Written by Sailbad the Sinner
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Saturday, 5 November 2011

It is really funny how events can start, build and finally conclude in a way that can change who you are and what you do. Here is the story behind how I became involved in the business of consulting.

I have long been fascinated by this phenomenon called "internet." It is a tremendous source of information, but at times it can be a source of irritation. One of the things that really irritated me is the "pass-this-along" chain letter. I don't know how many email messages I have received that talk about wonderful offers by famous people, like Bill Gates, who are more than willing to send me $645, only if I forward this email to twelve other people. Well, I didn't exactly fall off the turnip wagon (a Midwesternism), so mostly I have avoided these ruses. However, I did start to wonder how these legends get started, and who starts them.

So, I decided to invent and introduce my own internet legend, just to see what would happen. Would it really take off? What would people believe?

The legend I invented was this:

"You too can get free money from Home Depot! Home Depot has installed automated scanners for merchandise. The customer scans the UPC code on each item, and the checkout station calculates the total and charges your credit or debit card. You can pay by cash as well.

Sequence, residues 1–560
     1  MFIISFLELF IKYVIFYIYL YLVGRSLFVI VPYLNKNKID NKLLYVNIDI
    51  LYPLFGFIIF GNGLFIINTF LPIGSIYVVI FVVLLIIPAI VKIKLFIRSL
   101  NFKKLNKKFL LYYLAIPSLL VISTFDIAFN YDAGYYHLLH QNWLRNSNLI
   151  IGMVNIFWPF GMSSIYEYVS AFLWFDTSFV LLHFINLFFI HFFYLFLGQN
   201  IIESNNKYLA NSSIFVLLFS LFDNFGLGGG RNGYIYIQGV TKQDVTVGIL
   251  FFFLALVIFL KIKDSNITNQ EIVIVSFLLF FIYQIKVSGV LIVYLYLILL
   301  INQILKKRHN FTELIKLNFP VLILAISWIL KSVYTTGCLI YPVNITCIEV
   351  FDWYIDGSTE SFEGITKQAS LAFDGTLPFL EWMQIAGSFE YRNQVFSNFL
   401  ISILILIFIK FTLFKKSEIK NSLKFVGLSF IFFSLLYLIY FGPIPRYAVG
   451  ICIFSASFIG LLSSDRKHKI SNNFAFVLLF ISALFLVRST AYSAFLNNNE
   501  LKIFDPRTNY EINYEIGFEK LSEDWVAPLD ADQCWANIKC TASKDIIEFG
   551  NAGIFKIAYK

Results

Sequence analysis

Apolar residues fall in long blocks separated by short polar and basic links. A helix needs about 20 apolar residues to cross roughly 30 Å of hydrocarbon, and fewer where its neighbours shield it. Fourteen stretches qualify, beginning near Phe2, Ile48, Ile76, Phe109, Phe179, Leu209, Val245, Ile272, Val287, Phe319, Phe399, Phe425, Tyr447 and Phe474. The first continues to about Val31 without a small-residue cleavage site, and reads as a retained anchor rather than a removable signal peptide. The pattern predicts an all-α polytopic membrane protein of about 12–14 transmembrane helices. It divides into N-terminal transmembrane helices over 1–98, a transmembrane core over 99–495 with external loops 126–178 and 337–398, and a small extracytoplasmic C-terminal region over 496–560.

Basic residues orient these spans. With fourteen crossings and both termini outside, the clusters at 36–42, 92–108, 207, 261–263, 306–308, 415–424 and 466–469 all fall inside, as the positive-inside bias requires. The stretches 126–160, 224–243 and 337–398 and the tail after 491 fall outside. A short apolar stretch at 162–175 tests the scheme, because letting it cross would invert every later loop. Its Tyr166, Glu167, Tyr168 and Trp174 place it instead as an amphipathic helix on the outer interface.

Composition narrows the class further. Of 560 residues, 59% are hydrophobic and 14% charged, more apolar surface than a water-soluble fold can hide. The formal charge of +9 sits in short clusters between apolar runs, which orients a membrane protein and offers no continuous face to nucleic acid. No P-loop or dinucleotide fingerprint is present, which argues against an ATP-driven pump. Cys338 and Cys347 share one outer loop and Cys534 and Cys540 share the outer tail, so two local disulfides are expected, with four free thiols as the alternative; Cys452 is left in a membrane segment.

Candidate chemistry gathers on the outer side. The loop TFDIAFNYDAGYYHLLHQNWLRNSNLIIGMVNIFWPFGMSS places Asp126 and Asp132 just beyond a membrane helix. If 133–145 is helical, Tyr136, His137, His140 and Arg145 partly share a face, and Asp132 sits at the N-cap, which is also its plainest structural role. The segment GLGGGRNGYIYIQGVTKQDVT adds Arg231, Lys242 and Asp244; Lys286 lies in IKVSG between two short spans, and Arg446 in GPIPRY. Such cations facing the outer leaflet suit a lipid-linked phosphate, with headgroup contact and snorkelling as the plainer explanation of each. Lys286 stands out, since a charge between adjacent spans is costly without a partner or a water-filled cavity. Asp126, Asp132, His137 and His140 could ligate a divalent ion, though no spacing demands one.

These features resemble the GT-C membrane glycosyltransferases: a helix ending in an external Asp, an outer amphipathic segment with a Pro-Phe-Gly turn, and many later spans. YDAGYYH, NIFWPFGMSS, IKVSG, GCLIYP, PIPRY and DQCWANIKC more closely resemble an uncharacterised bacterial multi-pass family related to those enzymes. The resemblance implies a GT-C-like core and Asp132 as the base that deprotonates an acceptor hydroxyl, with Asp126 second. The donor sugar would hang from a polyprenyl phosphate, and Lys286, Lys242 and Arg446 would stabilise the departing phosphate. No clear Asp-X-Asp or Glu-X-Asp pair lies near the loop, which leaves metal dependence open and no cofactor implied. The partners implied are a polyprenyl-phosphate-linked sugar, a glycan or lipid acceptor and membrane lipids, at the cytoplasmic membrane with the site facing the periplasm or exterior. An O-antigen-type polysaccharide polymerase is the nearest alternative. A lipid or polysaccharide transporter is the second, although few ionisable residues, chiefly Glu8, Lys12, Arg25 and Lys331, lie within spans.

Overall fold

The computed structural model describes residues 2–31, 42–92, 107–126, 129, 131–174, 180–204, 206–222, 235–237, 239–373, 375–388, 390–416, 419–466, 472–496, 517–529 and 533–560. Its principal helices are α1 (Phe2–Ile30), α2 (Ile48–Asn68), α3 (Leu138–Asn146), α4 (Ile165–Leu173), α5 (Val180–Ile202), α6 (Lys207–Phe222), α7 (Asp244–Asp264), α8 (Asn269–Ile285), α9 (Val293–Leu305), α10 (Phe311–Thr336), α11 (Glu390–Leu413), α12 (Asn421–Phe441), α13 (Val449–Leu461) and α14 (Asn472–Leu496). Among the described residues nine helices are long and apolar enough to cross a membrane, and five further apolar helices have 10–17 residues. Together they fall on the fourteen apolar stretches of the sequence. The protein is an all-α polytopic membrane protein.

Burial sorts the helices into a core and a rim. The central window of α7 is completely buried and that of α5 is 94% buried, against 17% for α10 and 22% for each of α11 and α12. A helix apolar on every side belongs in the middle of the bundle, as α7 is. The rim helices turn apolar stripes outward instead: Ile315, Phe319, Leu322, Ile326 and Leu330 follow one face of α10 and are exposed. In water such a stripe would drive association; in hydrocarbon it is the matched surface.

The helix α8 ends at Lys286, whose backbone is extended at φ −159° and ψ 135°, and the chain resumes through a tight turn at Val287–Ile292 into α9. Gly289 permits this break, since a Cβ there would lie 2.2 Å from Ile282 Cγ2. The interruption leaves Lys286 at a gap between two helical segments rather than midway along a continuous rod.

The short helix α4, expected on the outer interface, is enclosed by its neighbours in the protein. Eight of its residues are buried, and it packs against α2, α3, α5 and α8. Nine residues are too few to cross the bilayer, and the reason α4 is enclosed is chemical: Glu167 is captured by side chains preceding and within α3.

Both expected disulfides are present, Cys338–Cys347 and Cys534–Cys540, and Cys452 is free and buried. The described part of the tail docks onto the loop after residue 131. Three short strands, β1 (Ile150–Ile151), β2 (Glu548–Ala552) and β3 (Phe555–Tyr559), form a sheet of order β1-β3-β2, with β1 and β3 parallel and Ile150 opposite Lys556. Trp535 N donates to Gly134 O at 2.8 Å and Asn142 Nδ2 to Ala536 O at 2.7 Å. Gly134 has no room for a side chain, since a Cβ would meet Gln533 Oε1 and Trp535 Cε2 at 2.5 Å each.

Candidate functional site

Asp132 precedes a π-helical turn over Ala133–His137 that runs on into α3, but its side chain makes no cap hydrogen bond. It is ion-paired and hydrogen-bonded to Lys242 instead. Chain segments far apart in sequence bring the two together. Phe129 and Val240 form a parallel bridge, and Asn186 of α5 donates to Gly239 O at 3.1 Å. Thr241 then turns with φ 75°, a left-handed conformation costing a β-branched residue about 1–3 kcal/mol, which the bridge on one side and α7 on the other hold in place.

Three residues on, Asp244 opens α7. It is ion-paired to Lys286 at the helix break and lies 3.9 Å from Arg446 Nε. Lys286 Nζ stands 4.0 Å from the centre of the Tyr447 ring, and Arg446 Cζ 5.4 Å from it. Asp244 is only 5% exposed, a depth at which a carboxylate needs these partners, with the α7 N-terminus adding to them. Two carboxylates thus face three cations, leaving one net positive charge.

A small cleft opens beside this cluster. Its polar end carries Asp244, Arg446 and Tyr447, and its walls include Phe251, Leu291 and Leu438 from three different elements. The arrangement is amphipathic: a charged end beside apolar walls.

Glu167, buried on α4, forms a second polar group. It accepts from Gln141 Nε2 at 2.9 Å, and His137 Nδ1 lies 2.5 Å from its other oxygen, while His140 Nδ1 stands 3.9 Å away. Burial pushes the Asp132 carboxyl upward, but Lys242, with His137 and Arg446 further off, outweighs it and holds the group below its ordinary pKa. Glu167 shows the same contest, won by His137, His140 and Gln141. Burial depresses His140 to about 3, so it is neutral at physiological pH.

A major programming error has been found in their system! It seems that a certain pocket comb can be read by the scanning device! So, if you place your Ace pocket comb, model #51668 on the scanner, and hit the 'pay for purchase' button, the machine will automatically give you $17.29 in change! Please pass this on quickly to twelve of your friends, before the programming error is found."

I sent this message out on a Wednesday to twelve friends. By Friday I had received it back three times! Wow, this was fun! By the next week, I had seen this message 37 times! The details had slightly changed. The change you could receive went up to $42.17. Some people claimed they had made several thousand dollars on the scam. Claims in the email message were made that "the 'Ace Comb' internet sting had been reported on the Today Show, so it must be true!"

The next week I received so many messages about the Ace Comb Scam that I had to put it on my Spam list. This thing had gotten completely out of control. The message was now in French, Italian, Japanese and Korean. Little did I know these legends could be started so easily. SNOPES.COM even listed it! There was an article in U.S. Today reporting interviews with people who had made thousands. The article quoted authorities who said they were baffled how a checkout scanner could get any kind of meaningful message from a pocket comb. It went on to say that Home Depot was conducting an investigation. However, sales of the Ace Combs, model #51668, had increased so much that three factories in China were working overtime to keep up.

Then, one day, a couple guys in orange Home Depot aprons knocked on my door and explained they had traced the origin of this scam to my computer. I immediately claimed complete innocence and ignorance, which fell on their deaf ears. So I carefully studied my options, ratcheted up my defense, and pleaded for mercy.

"Wait!" they said, "We are very impressed that you uncovered this flaw in our checkout technology. We want to talk to you about helping us prevent similar attacks in the future."

The next day, another knock on my door revealed the marketing team from Ace Comb Company. YES! They wanted me on the comb team!

And that, folks, is the story how I got my start as a business consultant.

The story above is a satire or parody. It is entirely fictitious.

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